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Bright Child.....don't want her

(6 Posts)
KatieMac Thu 24-Mar-05 19:23:34

At my DD's parents evening yesterday - we were told that she was very bright and working at a higher level than her contempories, a year above in most subjects and 2 years above in maths.

I was pushed throughout junior school and then got bored in senior school when I had to redo work I'd covered ages ago.

How do I stop this happening to DD - I don't want her to get bored in the future and give up the way I did.

Any thoughts?

Miaou Thu 24-Mar-05 19:51:10

We have a similar situation with our dd1 who is aged 7 - working a year/two years above in most subjects, and dd2 aged 6 is working a year above in all subjects. Although we are slightly concerned about how this will affect them in high school, we have allowed the school to let them work at their own pace, as we felt that they would be bored otherwise and would lose the motivation to work hard. This happened to dh at a young age and he basically lost all the skills (eg self motivation, commitment and the need to put effort in), which seriously affected his ability to work for and sit exams in the future (he scraped poor a levels and failed his degree, despite being extremely clever).

Dh works at the high school that they will attend, and we are fairly confident that this school will work with their abilities and not cramp their style or stop them from moving forward. We haven't pursued this in detail but will be doing so in the future.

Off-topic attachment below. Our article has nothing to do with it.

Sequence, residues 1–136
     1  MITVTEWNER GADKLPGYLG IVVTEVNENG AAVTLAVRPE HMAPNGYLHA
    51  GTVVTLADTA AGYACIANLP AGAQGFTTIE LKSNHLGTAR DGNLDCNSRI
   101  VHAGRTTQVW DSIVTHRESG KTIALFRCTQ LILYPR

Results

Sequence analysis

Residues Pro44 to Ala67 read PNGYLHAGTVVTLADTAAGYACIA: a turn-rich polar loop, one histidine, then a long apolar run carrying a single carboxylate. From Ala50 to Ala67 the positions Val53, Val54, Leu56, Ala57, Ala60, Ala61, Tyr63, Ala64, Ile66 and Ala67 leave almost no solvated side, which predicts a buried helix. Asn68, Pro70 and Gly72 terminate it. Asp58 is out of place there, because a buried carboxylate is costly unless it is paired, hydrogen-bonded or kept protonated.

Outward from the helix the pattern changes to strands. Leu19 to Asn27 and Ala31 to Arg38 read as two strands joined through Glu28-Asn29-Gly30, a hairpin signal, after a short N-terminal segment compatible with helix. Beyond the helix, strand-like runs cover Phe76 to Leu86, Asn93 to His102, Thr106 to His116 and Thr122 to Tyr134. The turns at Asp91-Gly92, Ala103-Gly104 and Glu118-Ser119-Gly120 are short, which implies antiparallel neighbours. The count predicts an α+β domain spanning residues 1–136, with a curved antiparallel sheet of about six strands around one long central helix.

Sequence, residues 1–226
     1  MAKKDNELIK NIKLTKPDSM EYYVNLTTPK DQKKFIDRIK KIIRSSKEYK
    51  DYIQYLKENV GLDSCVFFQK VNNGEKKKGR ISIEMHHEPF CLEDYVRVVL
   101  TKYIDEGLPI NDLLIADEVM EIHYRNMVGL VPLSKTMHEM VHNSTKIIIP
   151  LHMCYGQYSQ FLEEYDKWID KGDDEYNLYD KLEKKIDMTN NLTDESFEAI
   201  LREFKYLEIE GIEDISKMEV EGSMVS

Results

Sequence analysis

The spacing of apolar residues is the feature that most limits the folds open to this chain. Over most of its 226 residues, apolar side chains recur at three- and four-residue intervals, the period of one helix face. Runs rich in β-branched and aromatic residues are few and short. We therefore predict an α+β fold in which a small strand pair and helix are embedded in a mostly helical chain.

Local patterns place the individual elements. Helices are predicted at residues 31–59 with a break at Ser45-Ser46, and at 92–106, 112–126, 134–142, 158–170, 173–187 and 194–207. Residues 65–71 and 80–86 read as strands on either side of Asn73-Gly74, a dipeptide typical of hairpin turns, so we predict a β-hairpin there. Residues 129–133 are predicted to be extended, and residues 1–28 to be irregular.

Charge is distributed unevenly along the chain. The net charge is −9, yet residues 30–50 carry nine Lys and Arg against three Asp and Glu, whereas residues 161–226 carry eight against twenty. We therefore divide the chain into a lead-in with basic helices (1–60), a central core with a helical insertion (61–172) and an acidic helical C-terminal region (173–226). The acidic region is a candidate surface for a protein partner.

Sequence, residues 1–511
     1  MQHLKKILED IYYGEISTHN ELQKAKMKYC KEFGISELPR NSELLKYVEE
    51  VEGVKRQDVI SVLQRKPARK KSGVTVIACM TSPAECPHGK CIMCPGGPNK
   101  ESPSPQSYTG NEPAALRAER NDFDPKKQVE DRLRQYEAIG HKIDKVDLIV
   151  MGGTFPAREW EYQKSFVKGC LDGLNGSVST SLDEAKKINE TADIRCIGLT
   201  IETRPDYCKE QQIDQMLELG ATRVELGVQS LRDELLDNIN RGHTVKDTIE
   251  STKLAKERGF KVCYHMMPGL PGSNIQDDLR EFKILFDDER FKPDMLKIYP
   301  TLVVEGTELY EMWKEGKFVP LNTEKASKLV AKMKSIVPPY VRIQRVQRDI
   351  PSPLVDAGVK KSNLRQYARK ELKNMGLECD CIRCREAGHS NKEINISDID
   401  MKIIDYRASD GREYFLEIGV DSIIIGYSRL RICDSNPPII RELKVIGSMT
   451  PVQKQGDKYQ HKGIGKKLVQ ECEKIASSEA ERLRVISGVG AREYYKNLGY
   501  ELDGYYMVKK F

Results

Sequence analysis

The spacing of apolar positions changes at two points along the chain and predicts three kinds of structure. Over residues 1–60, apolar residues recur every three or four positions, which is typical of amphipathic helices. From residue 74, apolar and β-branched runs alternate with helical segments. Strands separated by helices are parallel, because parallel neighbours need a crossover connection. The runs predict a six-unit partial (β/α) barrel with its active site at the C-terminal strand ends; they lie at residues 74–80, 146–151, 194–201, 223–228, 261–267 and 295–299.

However we have the advantage that they attend a very small school now (total 20 pupils) and will be going to a very small high school (total 200 pupils). This means there is a lot more flexibility in how they are taught.

I would say that it would probably be worth pursuing this matter with the school in terms of how they view the matter,and what their long-term plans are for her future, and if necessary speak to the (possible) secondary school she may attend to see how they handle very bright pupils. AFAIK, if you are in England there is a duty to support Gifted and Talented pupils if/when they are on the scheme (sorry don't know much about the system as I am in Scotland)and this presumably follows through to secondary school age, so there should be a plan in place.

Sorry - a bit waffly - HTH.

Roisin is the one who can probably give you the advice you need!

KatieMac Thu 24-Mar-05 19:58:29

Thanks Miaou, it really worries me, I know if my education had been handled better I would have better qualifications - but I'm not sure how

Miaou Thu 24-Mar-05 20:02:51

In my (admittedly limited) experience, schools seem to be a lot better geared up for more able kids than they used to be. If you make your concerns known now then you will have the opportunity to work with the school for your dd's benefit.

I had the opposite experience as a child, would have benefited from working at my own (faster)pace but was never stretched, consequently I was disruptive and always in trouble!

trefusis Thu 24-Mar-05 20:06:29

Message withdrawn

KatieMac Thu 24-Mar-05 20:11:59

Trefusis - that's exactly what I want for her. They must be able to extend/enrich the work she does rather than doing future work.

DD is well adjusted socially, and does lots of OOS activities - but I don't want her to suffer as a geek

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